Yes, I do plan to speak about other stuff, don't worry. This isn't a Windows 10 blog, but a series :P
One of the most bizarre/interesting features is Cortana, "your personal assistant". I decided to release some of my data to Microsoft so that I can enable it - yes, you have to. It's hardcoded to force you to allow it to read your data, which is.. well, dangerous. Or isn't it? Anyway, I enabled it and decided to give it a try.
First thing I tried was "What does the fox say?" (answer here), just for the joke. This is really awesome! I still laugh at it, it's simply really well done. But that's as far as it goes. Yes, it can tell a joke, a story, sing a song and even tell you that 42 is the answer to everything. I don't have an iPhone, but from the videos I see online, Siri is way better at parsing what I say and answering useful stuff. Cortana is more like S Voice from Samsung: sure, it has some features that might be useful, such as reminders and notes, but that's it. It doesn't really understand what you say, at least from my tests.
Cortana seems to be designed as a simple tool, at least right now. I'm pretty sure they're improving it, but it doesn't understand some pretty simple sentences, such as "call me John" (it tries to call John). But if you ask it your name, it'll answer the name you set on the initial setup. As far as I could test, you can't tell Cortana to change it - not like that. I think it's lacking a lot of cool stuff on its parser. But regarding the tool side of it, well... I couldn't even make it take a picture of me! Seriously, how hard is it to understand "take a picture"? Or "take a photo"? Or even "camera"?! Come on, Microsoft! What do I have to say so that Cortana will open the Camera app and take a picture?
Quick note on the "call me John": as Marcus pointed out, it would be an issue if the user said "call me an ambulance". But I think this is more a grammar issue than a parsing issue: "call me X" is for defining a name, while "call X" and "call me a[n] X" is for calling people or services.
Oh, and before I forget: everytime it doesn't understand you, it opens Bing with your sentence. Like that's gonna help at all. I couldn't find a way of disabling it, even though I can disable for system search. When Cortana is enabled, you don't have access to that option anymore - at least I couldn't find it. :-(
But hey, we have reminders! I said "Hey Cortana, remind me to clean in five minutes", and it added the reminder, which worked pretty well. Except you can snooze or close the reminder through it: you have to go there and click on the reminder. I even tried "clear my schedule", but it only understood "schedule". And yes, it does tell you your schedule, and even the weather for tomorrow (in Fahrenheit ...) if you ask for it. You can even ask it to play some music, loading it from your library. Of course it couldn't load anything from mine: I didn't configure anything on Windows to allow it find my almost 100GB of songs, so...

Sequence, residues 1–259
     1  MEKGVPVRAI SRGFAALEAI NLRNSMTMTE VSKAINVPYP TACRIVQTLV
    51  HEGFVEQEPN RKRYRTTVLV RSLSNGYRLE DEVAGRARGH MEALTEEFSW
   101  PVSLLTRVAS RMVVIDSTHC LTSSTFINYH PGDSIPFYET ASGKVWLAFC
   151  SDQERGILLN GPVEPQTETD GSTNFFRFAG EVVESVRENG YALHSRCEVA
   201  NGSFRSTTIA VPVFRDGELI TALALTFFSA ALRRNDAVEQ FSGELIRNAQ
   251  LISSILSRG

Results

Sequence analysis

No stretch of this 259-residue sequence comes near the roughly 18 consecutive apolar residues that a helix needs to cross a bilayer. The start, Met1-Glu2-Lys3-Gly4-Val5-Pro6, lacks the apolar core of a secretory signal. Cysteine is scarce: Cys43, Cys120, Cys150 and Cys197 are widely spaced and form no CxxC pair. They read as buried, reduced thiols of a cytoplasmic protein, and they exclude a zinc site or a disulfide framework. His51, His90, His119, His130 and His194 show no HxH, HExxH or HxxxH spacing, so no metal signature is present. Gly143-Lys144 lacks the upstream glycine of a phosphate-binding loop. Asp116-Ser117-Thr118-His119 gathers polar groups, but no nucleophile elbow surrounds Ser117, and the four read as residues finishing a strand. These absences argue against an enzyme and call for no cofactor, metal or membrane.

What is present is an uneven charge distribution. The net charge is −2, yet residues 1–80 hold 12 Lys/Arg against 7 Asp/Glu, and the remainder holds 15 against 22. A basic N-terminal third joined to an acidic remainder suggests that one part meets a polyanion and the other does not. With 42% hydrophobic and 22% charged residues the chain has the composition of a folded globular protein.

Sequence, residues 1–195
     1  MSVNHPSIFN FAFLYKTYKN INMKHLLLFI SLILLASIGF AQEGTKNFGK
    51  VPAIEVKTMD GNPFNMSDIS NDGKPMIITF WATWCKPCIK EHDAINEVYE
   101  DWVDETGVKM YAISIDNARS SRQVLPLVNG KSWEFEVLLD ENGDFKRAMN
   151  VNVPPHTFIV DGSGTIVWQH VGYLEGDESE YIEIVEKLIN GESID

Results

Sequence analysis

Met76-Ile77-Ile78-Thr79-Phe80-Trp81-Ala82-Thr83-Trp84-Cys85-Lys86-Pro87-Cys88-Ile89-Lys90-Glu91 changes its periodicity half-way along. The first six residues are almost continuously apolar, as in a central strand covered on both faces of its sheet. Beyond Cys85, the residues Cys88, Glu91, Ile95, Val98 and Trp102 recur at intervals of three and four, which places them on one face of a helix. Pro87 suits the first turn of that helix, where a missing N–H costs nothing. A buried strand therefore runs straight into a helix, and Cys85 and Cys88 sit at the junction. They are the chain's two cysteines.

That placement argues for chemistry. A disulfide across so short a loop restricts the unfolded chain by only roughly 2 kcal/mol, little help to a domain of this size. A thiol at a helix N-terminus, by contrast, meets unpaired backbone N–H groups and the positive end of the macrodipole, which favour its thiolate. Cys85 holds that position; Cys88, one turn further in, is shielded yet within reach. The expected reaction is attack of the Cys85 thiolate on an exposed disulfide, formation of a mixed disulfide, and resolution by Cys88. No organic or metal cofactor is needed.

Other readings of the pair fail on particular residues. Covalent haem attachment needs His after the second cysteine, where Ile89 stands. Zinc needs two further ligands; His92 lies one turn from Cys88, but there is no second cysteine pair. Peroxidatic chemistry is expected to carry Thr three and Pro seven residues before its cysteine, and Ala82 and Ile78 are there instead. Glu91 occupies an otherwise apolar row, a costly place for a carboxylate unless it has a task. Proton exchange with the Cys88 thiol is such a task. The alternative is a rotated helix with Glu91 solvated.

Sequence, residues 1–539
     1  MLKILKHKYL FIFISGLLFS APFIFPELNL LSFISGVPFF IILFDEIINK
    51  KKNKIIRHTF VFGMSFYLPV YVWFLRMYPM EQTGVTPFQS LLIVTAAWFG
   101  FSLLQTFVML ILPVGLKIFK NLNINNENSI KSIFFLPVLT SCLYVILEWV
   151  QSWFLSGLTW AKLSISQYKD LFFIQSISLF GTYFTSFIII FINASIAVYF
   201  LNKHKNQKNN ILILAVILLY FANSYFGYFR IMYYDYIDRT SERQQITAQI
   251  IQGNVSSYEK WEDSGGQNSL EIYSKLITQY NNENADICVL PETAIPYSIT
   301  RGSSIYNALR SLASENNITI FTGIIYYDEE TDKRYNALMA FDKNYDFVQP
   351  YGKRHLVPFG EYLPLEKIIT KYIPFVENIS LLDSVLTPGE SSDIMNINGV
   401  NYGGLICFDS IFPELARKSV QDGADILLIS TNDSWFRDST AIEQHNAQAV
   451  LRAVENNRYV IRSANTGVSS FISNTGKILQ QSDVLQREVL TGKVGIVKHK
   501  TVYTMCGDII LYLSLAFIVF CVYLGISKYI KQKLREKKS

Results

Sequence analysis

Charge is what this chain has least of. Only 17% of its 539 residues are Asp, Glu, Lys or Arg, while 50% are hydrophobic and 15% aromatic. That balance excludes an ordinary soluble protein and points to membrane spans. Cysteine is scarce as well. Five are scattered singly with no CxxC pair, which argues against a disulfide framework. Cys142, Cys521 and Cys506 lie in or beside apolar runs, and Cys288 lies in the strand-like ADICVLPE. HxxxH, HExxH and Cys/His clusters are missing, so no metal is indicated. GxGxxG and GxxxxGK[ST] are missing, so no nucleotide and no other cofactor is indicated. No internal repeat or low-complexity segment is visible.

Quick note: I ask it once if it could speak German, just for fun. The answer was "In Germany, ja". Except that if you change your region to Germany, it says that Cortana isn't available. Ha, funny. And no, you can't ask it to translate something from German to English: it doesn't really understand "können wir auf Deutsch sprechen?"... :-(
I just said you can ask Cortana about your schedule for tomorrow. Yes, you can, but you need to fill the Calendar app with data (aka appointments) for that. So yes, it does need access to your calendar... and your location (it has to be USA, otherwise it doesn't work..?!), your texts (it's a desktop computer for god's sake), your microphone (fair enough, I want to talk to it), your speach/ink/whatever recognition (sure) and some other random stuff. So yes, it needs to read your data, parse it (maybe on Microsoft servers?) and then it'll be ready to help you. But you don't want to give your data so easily to Microsoft, do you?
Everyone is really scared about the privacy issue that Windows 10 brought on its free, traffic-hungry, scary update. Data, so much data, being analyzed by Microsoft, who people won't trust at all, but keep to use their OS. But you trust Google (or Apple), right? Almost everyone with an Android phone has a Google account on it. That account is used for synchronization, by default, of your contacts, agenda, apps, email (Gmail), files (Drive), photos, social network (Google+), personal details (no idea), tasks, and so on. So let me see if I got this straight: you are ok with giving Google your data, but not Microsoft? Why? And yes, Apple also captures/sync your data, but I can't really talk about it until I get my hands on an iPhone for a few hours/days/weeks/lifetime.
So to everyone who syncs their Android phone data with Google servers: why are you so scared of releasing your data to Microsoft? You can add your Google account to Windows 10 (afaik) and have the calendar load your schedule, the same one you gave Google the right to read and parse. That way you can ask Cortana what's your schedule for tomorrow, add reminders, etc. So, what's so bad about it? Is it the way they're going to use your information? Do you even know how Google uses your data?!
I partially changed my opinion regarding privacy issues on Windows 10 after reflecting how much information I already give Google (yes, I sync my phone with their servers, I don't really care). Let's speculate: if NSA has access to Google or Microsoft, you're going to be screwed anyway, maybe even added to their no-fly or cyberterrorist list. It doesn't matter who has your data: if someone has it, they can use it for whatever they want as long as you allow the data to be with them. And, nowadays, if you want to use something new, like Google Now, Cortana or Siri, you have to provide your data, no matter how scared of it you are.